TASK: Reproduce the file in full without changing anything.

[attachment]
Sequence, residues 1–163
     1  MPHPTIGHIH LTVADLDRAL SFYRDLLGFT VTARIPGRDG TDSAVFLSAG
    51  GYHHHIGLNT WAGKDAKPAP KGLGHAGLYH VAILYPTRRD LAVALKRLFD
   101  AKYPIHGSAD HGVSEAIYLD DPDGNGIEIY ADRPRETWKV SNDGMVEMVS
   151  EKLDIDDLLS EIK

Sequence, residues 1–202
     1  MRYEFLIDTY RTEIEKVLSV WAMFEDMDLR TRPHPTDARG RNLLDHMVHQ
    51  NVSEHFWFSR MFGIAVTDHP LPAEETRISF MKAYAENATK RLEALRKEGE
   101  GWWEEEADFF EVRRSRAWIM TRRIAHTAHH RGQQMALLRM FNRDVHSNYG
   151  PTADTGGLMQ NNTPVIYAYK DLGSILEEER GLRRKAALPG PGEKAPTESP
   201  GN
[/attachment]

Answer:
Sequence, residues 1–163
     1  MPHPTIGHIH LTVADLDRAL SFYRDLLGFT VTARIPGRDG TDSAVFLSAG
    51  GYHHHIGLNT WAGKDAKPAP KGLGHAGLYH VAILYPTRRD LAVALKRLFD
   101  AKYPIHGSAD HGVSEAIYLD DPDGNGIEIY ADRPRETWKV SNDGMVEMVS
   151  EKLDIDDLLS EIK

Sequence, residues 1–202
     1  MRYEFLIDTY RTEIEKVLSV WAMFEDMDLR TRPHPTDARG RNLLDHMVHQ
    51  NVSEHFWFSR MFGIAVTDHP LPAEETRISF MKAYAENATK RLEALRKEGE
   101  GWWEEEADFF EVRRSRAWIM TRRIAHTAHH RGQQMALLRM FNRDVHSNYG
   151  PTADTGGLMQ NNTPVIYAYK DLGSILEEER GLRRKAALPG PGEKAPTESP
   201  GN